photo by Emily Mills
I started this century as a Democrat and a New Yorker. I voted for Al Gore when the millennium dawned, and (although it was a closer call) for John Kerry in 2004, both times against George W. Bush.
In the summer of 2008, after presidential primaries were over, I became a legal resident of Florida and registered as a Republican there, in my heavily Democratic county of Broward. But in an excruciatingly difficult decision for me, I cast my vote for Barack Obama in that fall’s election. Maybe it was John McCain’s floundering reaction to the financial crisis, or maybe it was really the chocolate cake that a co-worker promised to bake for me if I made what he considered the right decision. I don’t think I’ll ever know.
I do know that before Obama’s first term was halfway through, when he joined a heavily Democratic Congress to pass a raft of legislation with which I strongly disagreed, I promised myself that I would vote for a lobotomized ape before I would ever vote for a Democrat in another federal election. Mitt Romney and Donald Trump received my next two presidential votes. I thank you in advance for not commenting about how you think I kept my promise.
My political evolution is not especially interesting, but it does demonstrate that people are not born members of one party or another; in fact, affiliation ebbs and flows with the forces of history. My race, ethnicity, gender and place on the income distribution scale did not change notably between 2000 and 2010, but I moved from the Democratic column to the Republican column in both my mind and the voting booth.
In the broader society, similar changes happen regularly – not often, but with great impact when they do. When I was growing up, the “solid South” meant a Democratic wall that was all but impenetrable for Republicans. Parts of the South rallied behind Democrats Jimmy Carter and Bill Clinton as late as the 1990s. But Gore could not even win his own state of Tennessee, and Florida cost him the White House. This year Hillary Clinton did not carry a single state south of Virginia and east of New Mexico.
She also lost the Democratic industrial strongholds of Ohio, Pennsylvania, Wisconsin and Michigan. In the broader society, large groups that were once reliably Democrat – including Catholics, working-class whites, southern whites and farmers – have become mainly Republican, while others, including Latinos, affluent urban and suburban whites and New Englanders, have gone the other direction.
So it will strike some people, as it does me, as inappropriate that a three-judge federal court panel recently ruled Wisconsin’s state legislative districts unconstitutional because the boundaries gave Republicans too great an advantage. Two of the three judges cited an “efficiency gap” that they say indicates the Republican-controlled Legislature jiggered the boundaries to its own advantage, as it almost certainly did. The question is whether this violates either First Amendment guarantees of the right to petition the government or the Fourteenth Amendment’s promise of equal protection under the laws.
The federal courts have been clear for most of the last 50 years that drawing political boundaries to deliberately disadvantage racial or religious minorities is forbidden. It has been much less clear whether there is a constitutional issue involved in political gerrymandering. (At the state level, some courts – notably including Florida’s Supreme Court – have found that there is.) In many cases, the government can look at someone and identify with reasonable precision his or her racial, religious or ethnic background. On the other hand, people can change parties any time they want, or refrain from choosing one at all. And they are always free to vote for the candidate and party they prefer at that moment, regardless of their affiliation.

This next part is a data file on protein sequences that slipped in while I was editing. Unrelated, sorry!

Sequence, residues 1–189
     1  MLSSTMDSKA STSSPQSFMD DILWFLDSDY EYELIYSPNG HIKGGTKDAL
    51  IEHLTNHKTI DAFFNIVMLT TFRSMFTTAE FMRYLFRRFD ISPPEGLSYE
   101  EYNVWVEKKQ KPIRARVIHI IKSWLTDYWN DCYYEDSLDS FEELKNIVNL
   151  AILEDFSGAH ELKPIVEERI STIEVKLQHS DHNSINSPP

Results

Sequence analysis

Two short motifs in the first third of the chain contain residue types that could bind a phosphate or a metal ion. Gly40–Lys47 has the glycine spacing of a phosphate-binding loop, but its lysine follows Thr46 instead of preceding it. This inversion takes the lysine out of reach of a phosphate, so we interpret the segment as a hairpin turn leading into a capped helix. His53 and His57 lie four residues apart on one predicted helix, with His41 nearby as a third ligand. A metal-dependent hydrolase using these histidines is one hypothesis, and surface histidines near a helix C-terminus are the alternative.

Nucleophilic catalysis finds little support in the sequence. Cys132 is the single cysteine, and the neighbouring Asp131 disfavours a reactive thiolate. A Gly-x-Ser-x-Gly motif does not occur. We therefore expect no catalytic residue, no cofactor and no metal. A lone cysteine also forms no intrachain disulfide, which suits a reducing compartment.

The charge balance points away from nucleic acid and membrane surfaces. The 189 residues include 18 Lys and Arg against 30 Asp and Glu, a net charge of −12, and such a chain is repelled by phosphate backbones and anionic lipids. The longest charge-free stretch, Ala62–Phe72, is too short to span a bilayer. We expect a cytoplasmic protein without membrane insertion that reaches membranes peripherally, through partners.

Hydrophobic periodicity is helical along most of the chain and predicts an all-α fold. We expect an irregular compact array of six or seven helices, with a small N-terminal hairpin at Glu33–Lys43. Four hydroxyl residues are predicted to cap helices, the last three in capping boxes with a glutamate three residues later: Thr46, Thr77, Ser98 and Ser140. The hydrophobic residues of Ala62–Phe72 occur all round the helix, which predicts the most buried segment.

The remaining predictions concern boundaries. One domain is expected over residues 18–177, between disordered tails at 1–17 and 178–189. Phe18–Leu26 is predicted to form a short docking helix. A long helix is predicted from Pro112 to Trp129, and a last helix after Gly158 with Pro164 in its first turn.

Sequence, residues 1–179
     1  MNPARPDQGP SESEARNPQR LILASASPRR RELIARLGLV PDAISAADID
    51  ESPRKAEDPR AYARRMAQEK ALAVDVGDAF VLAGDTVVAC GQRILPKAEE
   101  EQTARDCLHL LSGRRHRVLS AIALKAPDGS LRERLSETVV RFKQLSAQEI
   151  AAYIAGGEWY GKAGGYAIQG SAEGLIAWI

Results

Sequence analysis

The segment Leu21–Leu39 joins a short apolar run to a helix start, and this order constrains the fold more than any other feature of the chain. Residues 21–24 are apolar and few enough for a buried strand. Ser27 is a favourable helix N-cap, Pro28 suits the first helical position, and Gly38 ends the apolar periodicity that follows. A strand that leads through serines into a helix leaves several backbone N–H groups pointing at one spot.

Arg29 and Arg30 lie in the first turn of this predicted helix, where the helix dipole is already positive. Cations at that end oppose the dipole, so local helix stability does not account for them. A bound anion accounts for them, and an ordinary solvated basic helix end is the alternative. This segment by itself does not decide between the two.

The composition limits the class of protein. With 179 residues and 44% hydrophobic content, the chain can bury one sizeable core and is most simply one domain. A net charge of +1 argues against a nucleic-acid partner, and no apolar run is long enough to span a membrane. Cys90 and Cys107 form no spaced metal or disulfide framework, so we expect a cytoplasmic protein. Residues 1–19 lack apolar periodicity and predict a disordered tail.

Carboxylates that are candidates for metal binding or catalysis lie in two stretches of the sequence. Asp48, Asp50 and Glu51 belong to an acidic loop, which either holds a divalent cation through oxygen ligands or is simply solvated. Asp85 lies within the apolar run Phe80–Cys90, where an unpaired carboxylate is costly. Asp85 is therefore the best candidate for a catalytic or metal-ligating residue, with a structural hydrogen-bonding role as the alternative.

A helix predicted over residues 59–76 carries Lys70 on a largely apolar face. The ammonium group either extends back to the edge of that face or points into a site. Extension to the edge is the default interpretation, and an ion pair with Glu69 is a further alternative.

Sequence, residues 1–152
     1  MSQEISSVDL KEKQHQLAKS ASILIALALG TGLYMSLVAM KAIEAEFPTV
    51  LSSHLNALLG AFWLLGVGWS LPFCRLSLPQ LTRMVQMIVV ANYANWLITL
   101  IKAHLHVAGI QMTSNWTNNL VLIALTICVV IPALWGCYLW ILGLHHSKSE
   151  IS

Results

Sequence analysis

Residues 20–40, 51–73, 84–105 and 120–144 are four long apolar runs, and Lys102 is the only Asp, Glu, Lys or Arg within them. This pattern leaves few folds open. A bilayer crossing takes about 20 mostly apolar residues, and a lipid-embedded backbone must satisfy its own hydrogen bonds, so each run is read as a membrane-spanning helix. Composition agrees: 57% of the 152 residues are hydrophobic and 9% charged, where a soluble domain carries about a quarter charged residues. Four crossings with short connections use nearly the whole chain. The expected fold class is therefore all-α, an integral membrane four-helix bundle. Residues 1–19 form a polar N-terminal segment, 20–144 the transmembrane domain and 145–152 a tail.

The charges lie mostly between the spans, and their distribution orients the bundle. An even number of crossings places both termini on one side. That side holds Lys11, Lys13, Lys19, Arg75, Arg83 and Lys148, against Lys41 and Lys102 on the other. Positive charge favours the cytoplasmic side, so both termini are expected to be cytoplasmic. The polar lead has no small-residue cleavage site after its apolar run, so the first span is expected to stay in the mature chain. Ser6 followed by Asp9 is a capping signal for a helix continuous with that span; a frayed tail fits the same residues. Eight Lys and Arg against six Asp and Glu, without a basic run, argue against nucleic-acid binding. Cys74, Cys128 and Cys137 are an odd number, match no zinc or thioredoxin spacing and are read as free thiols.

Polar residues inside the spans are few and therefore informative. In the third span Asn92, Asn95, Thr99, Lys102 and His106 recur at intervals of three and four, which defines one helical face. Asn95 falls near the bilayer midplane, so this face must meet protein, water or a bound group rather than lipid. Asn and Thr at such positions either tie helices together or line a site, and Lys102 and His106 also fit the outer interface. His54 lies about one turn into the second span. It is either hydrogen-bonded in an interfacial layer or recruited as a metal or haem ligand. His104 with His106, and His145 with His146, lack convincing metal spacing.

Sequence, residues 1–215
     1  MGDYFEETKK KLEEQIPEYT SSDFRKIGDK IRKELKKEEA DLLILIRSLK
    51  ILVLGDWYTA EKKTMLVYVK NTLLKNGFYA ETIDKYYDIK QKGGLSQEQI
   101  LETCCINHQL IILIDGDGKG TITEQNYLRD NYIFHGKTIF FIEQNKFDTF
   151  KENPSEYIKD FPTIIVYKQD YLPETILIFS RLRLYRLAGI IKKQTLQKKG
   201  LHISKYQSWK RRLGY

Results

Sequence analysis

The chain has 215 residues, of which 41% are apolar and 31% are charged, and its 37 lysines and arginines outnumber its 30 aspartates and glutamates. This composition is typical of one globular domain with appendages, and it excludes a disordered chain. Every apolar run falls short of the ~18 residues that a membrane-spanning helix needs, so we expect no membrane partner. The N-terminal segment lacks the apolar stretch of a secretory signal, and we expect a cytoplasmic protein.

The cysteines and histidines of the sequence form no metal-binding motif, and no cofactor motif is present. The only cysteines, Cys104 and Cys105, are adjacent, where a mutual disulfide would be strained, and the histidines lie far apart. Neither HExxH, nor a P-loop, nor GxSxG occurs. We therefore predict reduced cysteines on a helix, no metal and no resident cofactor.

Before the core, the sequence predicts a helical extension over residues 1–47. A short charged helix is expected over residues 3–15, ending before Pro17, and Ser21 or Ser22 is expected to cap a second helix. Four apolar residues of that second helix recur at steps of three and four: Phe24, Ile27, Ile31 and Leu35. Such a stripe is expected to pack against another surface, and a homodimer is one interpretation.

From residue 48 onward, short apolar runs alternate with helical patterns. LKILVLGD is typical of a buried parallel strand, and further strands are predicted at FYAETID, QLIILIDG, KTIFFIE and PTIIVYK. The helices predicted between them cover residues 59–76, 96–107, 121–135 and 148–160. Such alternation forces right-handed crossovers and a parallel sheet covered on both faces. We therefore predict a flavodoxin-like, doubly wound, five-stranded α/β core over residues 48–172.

The Wisconsin court ruling seems to overlook the repeated success of Republicans in statewide races, including most recently Sen. Ron Johnson’s comeback victory over Democrat Russ Feingold. There was no districting involved in these statewide races. Republicans have been winning recent elections in Wisconsin because Wisconsin has been trending Republican. If the voters of Wisconsin don’t like the way their legislators are drawing district boundaries, they can always elect new legislators.
As a matter of fact, the U.S. Constitution says nothing at all about political parties. Some of the founders hoped to avoid them entirely, but factionalism immediately produced the Federalists and the Democratic-Republicans. It was widely accepted then, and should be now, that the party that voters place in power will exercise that power. If voters don’t like the result, they can replace the party in power in due course. Ultimately we own the parties; they don’t own us.
The only appeal to the Wisconsin ruling is directly to the Supreme Court, which is now evenly divided. But on the assumption that the Senate will act early in 2017 on a nominee put forth by incoming President Trump, I hope the Court takes the case, and I hope the Wisconsin court is overruled. There are no disinterested angels available to draw our political maps. There are only the representatives we elect, and they ought to be accountable to voters rather than to the courts.